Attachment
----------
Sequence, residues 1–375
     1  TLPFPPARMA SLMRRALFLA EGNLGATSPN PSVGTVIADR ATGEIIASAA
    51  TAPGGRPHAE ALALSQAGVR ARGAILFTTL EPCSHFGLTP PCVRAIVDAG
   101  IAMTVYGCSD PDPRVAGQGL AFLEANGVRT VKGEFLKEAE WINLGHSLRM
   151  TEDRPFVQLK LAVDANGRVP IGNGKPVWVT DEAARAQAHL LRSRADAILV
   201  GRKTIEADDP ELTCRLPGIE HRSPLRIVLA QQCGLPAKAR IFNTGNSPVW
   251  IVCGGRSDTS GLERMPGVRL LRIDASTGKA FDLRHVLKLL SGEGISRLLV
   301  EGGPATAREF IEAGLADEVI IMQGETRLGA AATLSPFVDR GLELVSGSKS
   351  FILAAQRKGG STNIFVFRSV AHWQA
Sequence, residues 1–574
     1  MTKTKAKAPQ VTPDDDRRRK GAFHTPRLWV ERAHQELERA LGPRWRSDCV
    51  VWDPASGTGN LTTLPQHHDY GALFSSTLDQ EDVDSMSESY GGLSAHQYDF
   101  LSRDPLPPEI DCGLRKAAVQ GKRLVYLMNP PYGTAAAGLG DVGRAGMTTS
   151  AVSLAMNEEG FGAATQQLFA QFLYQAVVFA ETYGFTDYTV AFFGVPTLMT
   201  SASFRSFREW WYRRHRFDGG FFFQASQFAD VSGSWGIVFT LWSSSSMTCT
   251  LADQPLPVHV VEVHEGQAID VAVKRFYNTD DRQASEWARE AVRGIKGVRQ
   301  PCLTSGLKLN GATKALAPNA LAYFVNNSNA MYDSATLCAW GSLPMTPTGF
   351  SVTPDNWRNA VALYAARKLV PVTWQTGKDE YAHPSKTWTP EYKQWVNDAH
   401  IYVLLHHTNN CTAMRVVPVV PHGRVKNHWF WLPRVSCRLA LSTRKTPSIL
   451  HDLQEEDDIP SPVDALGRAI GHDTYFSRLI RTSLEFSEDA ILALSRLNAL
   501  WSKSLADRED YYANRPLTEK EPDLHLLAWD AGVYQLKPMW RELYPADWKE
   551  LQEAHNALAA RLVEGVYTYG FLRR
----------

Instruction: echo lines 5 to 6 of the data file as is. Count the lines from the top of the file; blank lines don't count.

   151  TEDRPFVQLK LAVDANGRVP IGNGKPVWVT DEAARAQAHL LRSRADAILV
   201  GRKTIEADDP ELTCRLPGIE HRSPLRIVLA QQCGLPAKAR IFNTGNSPVW